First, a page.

Ellen Ostrow, Ph.D., CMC, is the founder of LawyersLifeCoach LLC, providing personal and career coaching for lawyers. She is editor of the free online newsletter Beyond the Billable Hour. This article is excerpted from Issue #55, located at http://LawyersLifeCoach.com/Newsletter/Issue55.html.
If your practice is slow, staying chained to your desk will only increase your feelings of helplessness. Close ties to people within your organization will help you accomplish projects but will not connect you to sources of new business. For this, you need ties to a diverse range of people. Becoming a connector between different networks creates value for both groups of people. Try networking outside your firm by joining organizations whose missions are interesting and meaningful to you. Your active participation positions you to contribute to others and build social capital.
The benefits of social capital take time to accrue. You can’t expect to get work from people you’ve only just met. To quote David Maister, “Marketing is a conversation.” People all around you are worried. Why not ask them how they’re doing and how you can help? Not only are you planting seeds for the economic rebound, you’re also likely to experience the “helper’s high”: the rush of positive feeling that comes from genuine acts of altruism.
Securing Your Current Position
Consider this situation: Two woman lawyers in the same firm are hoping to advance to equity partnership. They have been practicing for the same number of years, and their books of business are roughly equal in size. One has originated most of her own business. The second has brought in work from clients originated by the senior partner for whom she works. Only the second woman advances to partnership, although both attorneys’ practice groups seem to have more than enough work. Why would this happen?
Research studies indicate that social capital is crucial for the advancement of women to positions of leadership. Insufficient social capital blocks the career progress of women to a much greater extent than it does men.
If you’re concerned about holding on to your current job or status, you can’t afford not to spend time and energy building strong ties with powerful people within your organization. Understanding their needs and creating value for them is crucial.
Finding a Job
Especially given the contraction of the legal industry, submitting resumés in response to ads or to employers not advertising positions is the least effective way to find a job. As frantic as you may feel about finding a job now, you must keep in mind the paradoxical manner in which social capital is created. It’s fine to make requests of people to whom you have a history of being generous. However, if you are reactivating a dormant network or developing brand new relationships, you’ll need to put your worries aside and focus on listening, learning about other people’s needs and goals, and doing your best to meet them.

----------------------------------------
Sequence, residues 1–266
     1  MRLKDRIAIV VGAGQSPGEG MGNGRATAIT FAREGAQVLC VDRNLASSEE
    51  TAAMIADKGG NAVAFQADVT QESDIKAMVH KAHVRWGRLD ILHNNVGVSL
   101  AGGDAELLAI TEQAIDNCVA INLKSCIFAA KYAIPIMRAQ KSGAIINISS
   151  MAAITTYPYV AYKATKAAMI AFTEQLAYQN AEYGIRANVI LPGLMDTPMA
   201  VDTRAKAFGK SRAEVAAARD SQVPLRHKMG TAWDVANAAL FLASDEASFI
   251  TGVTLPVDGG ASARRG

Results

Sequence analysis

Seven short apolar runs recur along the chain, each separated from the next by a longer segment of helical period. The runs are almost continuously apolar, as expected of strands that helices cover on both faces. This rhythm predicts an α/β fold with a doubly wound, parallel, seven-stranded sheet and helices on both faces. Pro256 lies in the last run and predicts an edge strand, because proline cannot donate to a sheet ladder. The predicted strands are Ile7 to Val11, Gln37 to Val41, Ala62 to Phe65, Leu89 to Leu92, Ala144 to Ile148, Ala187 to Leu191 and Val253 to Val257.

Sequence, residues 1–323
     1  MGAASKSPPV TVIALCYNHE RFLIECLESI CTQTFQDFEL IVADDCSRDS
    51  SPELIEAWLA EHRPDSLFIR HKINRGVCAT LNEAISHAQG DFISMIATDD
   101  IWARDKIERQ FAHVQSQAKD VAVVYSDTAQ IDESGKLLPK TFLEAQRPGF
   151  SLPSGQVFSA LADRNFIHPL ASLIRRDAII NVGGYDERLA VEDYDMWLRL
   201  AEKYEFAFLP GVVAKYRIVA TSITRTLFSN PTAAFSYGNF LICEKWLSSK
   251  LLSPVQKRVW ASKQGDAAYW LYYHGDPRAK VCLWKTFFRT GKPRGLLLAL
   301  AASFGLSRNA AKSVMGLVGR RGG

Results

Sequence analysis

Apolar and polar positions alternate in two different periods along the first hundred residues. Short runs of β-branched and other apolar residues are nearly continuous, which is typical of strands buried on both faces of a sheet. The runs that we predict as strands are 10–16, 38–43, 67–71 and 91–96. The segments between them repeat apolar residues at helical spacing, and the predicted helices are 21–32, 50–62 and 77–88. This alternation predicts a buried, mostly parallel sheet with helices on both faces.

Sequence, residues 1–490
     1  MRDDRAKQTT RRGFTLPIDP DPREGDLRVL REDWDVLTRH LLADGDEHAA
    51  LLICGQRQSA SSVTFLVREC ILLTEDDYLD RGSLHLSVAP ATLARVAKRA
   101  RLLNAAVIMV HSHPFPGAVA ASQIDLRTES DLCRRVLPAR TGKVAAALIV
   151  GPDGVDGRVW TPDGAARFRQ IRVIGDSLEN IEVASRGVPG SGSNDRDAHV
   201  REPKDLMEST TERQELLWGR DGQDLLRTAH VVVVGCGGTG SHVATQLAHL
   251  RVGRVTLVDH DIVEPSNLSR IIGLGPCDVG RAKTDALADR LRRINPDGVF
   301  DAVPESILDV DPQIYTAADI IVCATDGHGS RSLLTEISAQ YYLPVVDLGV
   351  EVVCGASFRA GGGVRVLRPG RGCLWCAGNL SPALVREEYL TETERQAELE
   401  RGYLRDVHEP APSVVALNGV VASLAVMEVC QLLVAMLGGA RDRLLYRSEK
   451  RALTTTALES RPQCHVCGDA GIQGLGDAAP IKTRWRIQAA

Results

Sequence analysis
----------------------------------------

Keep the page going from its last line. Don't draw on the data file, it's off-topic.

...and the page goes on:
Even when you’re unemployed, it’s still easy to be generous. In particular, you can offer enormous value when you function as a “linchpin” in your network, connecting people to needed information, opportunities, and leads by introducing them to people you know but they don’t.
For example, a coaching client had been out of the workforce for several years while raising her children. During this time she kept in touch with friends from law school, her former employer, and a diverse group of people in her community, all of whom worked with her as volunteers on a nonprofit board. She already had created rich social capital when it came time to rejoin the workforce. Members of the nonprofit board were happy to introduce her to people they knew who could provide her with information about areas of practice and job opportunities. These relationships led her to paid consulting opportunities. Her work as a consultant brought her in contact with new connections, allowing her to establish an even broader, more diverse network. She became a linchpin, connecting people from the various circles within which she moved. Social capital in the form of information about career opportunities, job openings, and introductions to people she wanted to meet began to flow toward her.
Although she began this process feeling confused about her career goals, she now knows precisely what she wants to do and understands which credentials and experiences she needs to obtain to become marketable in that field. People now call her to offer her part-time and project work and to request her resumé. She has no doubt that she’ll soon resume a satisfying career.
Like other forms of capital, social capital doesn’t typically produce quick dividends. However, there simply is no other way to become rich with opportunities, leads, referrals, new business, help, support, and influence than by building your social capital. And you will experience immediate benefits: the high that comes from helping and the positive feelings that immediately ensue from developing authentic, mutual relationships with other people.
So stop worrying and get connected. You can’t afford not to.